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This year I’m participating in several reading challenges, and this week’s Book Beginnings and Friday 56 is part of my Mount TBR Challenge. This year I’m making a conscious effort to tackle some of the books in my ever-growing TBR pile piles.
Breakfast at Tiffany’s by Truman Capote has been on my TBR list for some time now, so it only makes sense to include it in the Mount TBR Reading Challenge I’m participating in this year.
I am always drawn back to places where I have lived, the houses and their neighborhoods. . . The walls were stucco, and a color rather like tobacco-spit.
She took off her dark glasses and squinted at me. It was as though her eyes were shattered prisms, the dots of blue and gray and green like broken bits of sparkle. “He told you that,” she said in a small, shivering voice. “Oh, please. Where is he?” She ran past me into the hall. “Fred!” she called down the stairs. “Fred! Where are you, darling?”
Truman Capote, Breakfast at Tiffany’s page 56
I struggled with not only reading Breakfast at Tiffany’s but with writing this review as well. A few weeks ago, I finally hunkered down and finished this novella. It clocks in at a mere 87 pages and for some reason, I stalled halfway through. I loved Capote’s descriptions however it wasn’t enough to keep me engaged. I found myself just plodding along and not actively engaged in the story. Every now and again there would be a sentence that would snap me back into the story.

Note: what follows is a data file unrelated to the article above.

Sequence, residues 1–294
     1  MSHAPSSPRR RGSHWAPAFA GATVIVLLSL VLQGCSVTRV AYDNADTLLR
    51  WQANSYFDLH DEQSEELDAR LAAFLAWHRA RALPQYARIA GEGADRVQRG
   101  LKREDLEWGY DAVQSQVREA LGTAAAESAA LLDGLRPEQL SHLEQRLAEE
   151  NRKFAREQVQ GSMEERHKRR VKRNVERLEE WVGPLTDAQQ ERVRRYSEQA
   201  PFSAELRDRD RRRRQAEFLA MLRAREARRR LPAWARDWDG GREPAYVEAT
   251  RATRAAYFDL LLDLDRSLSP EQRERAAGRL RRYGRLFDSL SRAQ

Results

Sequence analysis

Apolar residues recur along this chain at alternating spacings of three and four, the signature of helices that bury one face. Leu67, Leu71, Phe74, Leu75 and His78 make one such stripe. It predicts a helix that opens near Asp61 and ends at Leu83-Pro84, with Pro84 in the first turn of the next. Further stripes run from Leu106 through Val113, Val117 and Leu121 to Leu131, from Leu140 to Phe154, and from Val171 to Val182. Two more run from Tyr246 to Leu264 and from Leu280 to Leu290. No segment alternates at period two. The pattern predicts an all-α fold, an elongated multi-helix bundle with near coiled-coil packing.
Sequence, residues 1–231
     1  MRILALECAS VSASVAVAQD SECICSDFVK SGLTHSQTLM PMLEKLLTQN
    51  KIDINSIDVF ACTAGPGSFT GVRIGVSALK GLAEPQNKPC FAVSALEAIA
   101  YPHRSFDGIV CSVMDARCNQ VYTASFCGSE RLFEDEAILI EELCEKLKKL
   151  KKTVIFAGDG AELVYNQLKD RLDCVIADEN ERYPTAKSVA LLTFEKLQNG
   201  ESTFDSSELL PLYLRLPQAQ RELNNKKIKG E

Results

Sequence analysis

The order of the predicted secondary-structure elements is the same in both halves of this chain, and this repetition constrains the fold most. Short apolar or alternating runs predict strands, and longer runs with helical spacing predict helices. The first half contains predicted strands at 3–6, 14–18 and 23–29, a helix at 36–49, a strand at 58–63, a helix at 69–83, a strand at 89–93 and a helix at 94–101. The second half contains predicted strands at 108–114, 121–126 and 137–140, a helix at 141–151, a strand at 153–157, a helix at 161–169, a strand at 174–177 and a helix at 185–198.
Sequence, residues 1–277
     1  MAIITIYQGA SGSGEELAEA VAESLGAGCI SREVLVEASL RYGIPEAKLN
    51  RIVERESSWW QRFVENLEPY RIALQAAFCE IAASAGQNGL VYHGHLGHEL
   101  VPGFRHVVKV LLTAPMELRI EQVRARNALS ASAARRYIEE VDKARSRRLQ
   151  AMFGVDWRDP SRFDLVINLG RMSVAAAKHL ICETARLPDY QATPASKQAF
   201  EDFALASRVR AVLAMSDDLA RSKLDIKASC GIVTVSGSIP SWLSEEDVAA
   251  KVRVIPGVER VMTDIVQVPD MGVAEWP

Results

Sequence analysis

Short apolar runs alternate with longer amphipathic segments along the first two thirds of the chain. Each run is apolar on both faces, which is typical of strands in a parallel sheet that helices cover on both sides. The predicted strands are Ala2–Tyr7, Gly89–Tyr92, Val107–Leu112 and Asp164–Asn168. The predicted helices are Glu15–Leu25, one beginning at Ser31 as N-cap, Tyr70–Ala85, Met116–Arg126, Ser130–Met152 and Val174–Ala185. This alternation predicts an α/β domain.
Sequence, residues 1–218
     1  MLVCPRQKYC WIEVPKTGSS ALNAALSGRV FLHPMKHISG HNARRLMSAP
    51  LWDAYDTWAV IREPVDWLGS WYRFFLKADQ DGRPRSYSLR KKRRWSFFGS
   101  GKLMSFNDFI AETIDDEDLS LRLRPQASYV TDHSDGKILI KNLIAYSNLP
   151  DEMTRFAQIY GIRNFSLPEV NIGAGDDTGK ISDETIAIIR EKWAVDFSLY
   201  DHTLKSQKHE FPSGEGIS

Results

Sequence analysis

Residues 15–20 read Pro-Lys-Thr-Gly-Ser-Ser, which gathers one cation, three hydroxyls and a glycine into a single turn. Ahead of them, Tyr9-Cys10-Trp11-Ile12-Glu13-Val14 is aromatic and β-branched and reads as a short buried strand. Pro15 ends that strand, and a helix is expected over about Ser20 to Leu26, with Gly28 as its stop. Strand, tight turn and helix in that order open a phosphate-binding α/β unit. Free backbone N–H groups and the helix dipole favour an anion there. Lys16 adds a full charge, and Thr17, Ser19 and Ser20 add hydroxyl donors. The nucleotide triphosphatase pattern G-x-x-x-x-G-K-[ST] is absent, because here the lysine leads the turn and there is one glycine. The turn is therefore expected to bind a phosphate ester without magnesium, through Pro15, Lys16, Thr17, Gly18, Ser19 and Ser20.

Holly (Holiday) Golightly is the main protagonist who as we read discover that she is much more complex than what we see on the surface. She appears to be flighty and rather immature and to some degree she is, but what can one expect of a 19- or 20-year-old. She imposes on her neighbors in the early morning without consideration or forethought about how her imposition may affect them. The narrator is unnamed, so she decides to call him Fred because he reminds her of her brother. She doesn’t ask
There are several references in which the reader is led to believe that Holly is trying to find herself.
She has written on her mailbox:
Miss Holiday Golightly, Traveling
Doc Golightly tells the narrator that he believes it was all the magazines she was reading.
Reading dreams. That’s what started her walking down the road. Everyday she’d walk a little further: . . .One day she just kept on.
Holly refuses to give her cat a name because
I haven’t any right to give him one: hell have to wait until he belongs to somebody. . . I don’t want to own anything until I know I’ve found the place where me and things belong together. I’m not quite sure where that is just yet. But I know what it’s like.
On the surface, Capote’s Breakfast at Tiffany’s is a fairly simple; but it much more complex than first glance. The cast of characters is small and yet they are all in search of something or someone.
Something we’re all in search of. . .